Instruments of the orchestra

Poulenc: Sextet (woodwind)

This sextet was written for flute, oboe, clarinet, bassoon, french horn and piano in the 1930s.  The allegro first movement opens with a decisive ascending scale, and the short, fast melodies that follow demonstrate the agility of these instruments.  The jazz influences that were starting to come through in this decade are quite apparent through the rhythms, and the sudden changes in dynamics add a touch of the comic.  The middle section of this movement conveys a darker mood: it has a chromatic, wandering style, and starts to show the expressive qualities of each instrument.

The middle, slower movement is more lyrical – each instrument taking a turn at the melody with accompaniment from the others.  The expressive phrasing showcases the contrasting sounds of staccato vs legato playing.  I really like the different sound colours created by different combinations of the instruments in this movement.

The final movement is marked ‘prestissimo’, but it doesn’t have quite the same driving, frantic quality as the first movement throughout as the fast sections are interspersed with short reprieves.  The piano is particularly featured in this movement.  The piece finishes with another beautiful slow section, started by a melancholy melody in the bassoon and going on to reveal impressionist influences in the harmonies, reminiscent of composers such as Debussy or Ravel.

Malcolm Arnold – Quintet for Brass (Op. 73)

This piece was composed in 1961 for horn, 2 trumpets, trombone and tuba.  The combination of instruments creates a rich, resonant sound.  I’m used to associating brass with loud, brash sections of a symphony, so it was refreshing to hear them play a much greater range of dynamics, including some very effective soft sections.  The second movement is quite chromatic, containing some dissonances and suspended harmonies that build a tense mood.  Sudden crescendos are used very effectively on these instruments, creating some spine tingling moments.  The final ‘con brio’ has typical fanfare style melodies – a reminder of the brass section’s military associations, and also includes some characteristic trombone slides often featured in jazz pieces.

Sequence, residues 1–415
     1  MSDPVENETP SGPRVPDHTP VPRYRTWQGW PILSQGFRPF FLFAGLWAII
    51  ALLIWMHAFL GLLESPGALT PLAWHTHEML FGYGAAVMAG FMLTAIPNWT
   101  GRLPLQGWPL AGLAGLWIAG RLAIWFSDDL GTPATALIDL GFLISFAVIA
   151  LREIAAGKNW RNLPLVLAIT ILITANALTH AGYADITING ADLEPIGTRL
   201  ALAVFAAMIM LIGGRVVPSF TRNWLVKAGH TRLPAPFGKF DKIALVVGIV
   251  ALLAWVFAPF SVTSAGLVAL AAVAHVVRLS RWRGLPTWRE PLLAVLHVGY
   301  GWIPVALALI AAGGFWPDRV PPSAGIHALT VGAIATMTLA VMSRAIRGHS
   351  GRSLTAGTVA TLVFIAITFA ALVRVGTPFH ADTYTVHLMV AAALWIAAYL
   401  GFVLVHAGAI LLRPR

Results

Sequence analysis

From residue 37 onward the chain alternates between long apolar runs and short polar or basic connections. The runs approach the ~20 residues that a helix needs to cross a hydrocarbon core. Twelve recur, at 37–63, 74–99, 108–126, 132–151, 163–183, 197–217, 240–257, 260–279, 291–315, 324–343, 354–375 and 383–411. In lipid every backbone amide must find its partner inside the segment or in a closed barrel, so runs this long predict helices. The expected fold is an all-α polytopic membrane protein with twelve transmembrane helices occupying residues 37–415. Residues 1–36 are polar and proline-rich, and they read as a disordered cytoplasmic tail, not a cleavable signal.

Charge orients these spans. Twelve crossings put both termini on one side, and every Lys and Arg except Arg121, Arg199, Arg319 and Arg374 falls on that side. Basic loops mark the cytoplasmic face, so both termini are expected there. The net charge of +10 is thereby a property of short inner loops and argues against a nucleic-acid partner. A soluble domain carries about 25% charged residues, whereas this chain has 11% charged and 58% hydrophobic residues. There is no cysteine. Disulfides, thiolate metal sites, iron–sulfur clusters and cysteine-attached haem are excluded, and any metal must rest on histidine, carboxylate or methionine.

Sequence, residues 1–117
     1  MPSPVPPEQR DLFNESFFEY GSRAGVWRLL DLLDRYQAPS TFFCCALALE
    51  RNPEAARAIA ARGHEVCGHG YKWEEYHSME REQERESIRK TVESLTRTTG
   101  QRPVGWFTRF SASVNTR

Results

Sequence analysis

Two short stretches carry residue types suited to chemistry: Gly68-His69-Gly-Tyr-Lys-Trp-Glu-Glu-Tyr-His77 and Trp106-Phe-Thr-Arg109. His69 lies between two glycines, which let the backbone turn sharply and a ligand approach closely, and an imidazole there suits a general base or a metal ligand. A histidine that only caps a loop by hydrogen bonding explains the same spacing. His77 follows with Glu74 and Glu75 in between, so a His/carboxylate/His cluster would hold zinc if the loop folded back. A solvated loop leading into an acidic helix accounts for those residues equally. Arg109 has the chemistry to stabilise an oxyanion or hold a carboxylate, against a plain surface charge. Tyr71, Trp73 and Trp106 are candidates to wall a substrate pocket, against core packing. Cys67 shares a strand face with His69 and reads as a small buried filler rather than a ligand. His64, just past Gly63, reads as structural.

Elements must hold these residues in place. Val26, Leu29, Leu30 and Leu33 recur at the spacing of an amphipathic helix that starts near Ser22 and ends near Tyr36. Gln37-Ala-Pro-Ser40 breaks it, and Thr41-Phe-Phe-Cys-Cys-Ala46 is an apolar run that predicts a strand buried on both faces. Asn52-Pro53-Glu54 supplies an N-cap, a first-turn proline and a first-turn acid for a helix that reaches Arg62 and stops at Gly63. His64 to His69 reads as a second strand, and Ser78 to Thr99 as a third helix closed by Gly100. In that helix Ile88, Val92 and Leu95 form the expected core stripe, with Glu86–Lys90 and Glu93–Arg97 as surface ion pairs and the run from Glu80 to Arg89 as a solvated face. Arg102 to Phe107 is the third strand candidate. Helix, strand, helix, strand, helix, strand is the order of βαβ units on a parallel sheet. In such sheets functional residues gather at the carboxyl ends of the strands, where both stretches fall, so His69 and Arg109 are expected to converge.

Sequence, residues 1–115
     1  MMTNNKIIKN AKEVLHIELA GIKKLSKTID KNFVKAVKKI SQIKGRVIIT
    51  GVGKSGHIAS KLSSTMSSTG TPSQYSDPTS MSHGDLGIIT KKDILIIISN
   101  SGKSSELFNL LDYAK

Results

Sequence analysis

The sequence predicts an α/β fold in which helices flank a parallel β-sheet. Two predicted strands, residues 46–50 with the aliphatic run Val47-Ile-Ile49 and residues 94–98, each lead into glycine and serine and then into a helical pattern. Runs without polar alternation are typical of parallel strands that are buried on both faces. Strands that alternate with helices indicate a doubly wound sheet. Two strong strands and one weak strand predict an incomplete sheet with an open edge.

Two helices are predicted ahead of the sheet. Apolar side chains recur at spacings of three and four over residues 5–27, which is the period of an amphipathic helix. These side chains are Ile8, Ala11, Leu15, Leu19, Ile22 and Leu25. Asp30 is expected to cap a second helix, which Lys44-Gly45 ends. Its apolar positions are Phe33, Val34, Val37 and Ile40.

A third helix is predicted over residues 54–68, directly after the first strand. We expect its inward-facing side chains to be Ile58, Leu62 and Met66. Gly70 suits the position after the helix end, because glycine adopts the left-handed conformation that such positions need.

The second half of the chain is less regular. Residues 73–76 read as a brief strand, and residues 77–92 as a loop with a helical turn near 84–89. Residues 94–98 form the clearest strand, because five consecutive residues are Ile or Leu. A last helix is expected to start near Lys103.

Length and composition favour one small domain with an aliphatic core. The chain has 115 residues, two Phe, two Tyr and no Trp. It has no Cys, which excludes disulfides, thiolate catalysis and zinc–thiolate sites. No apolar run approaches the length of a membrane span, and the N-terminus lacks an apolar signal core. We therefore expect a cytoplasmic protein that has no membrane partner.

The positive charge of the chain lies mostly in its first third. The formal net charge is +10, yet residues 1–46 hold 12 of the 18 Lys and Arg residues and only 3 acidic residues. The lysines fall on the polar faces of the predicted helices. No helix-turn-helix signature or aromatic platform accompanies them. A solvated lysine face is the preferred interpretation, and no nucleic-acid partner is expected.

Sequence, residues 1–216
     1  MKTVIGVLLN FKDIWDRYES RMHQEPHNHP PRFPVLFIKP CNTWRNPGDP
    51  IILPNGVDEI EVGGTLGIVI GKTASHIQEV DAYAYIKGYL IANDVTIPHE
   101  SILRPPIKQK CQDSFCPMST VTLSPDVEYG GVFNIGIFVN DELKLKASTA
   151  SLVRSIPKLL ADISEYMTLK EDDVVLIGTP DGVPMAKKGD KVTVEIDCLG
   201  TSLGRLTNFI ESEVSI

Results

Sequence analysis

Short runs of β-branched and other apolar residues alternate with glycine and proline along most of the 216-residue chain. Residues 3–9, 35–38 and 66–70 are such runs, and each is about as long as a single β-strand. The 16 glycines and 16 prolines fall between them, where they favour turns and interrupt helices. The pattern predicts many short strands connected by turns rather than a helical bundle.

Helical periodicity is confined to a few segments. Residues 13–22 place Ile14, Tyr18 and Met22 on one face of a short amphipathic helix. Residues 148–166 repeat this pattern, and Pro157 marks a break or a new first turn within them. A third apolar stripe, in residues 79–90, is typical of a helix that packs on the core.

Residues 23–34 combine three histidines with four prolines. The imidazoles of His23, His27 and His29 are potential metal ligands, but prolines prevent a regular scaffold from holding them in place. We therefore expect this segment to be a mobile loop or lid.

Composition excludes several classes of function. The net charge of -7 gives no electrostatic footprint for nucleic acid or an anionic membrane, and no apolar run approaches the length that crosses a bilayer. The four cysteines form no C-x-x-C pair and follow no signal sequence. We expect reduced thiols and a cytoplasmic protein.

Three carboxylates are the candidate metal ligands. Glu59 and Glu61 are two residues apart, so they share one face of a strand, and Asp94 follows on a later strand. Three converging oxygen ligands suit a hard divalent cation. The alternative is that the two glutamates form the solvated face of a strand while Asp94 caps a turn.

Elgar: Serenade for Strings

This famous short piece for string orchestra was composed in 1892, early on in Elgar’s career.  It features a few solo lines in amongst the full sectional melodies which are passed around between the violins, violas and cellos.  The ebb and flow of the phrases in the larghetto second movement demonstrate well the expressiveness of string instruments, with their unique ability to sustain notes and play almost infinitely quietly.

Bartok: Music for Strings, Percussion and Celesta

The strings open this piece with mysterious, chromatic melodies added one by one in fugue form.  The texture and dynamics gradually build up to a desperate sounding climax, where they are joined by the cymbals and timpani before fading out again.  The second movement unexpectedly features a piano and is much faster paced, with short staccato piano chords combining with the percussion, a harp, and pizzicato in the strings.  It retains the same chromatic style as the first movement, but in a much more frantic setting.  The adagio movement features a xylophone and uses glissandos in both the timpani and string parts, building on the mysterious mood already set from the beginning of the piece.  Sparse notes played simultaneously on the celesta and piano also create an unusual sound.  The syncopated rhythms and lydian mode used in the opening of the final movement betray Bartok’s folk influences; this movement has a dance feel to it, whilst continuing the strongly chromatic theme of the piece.


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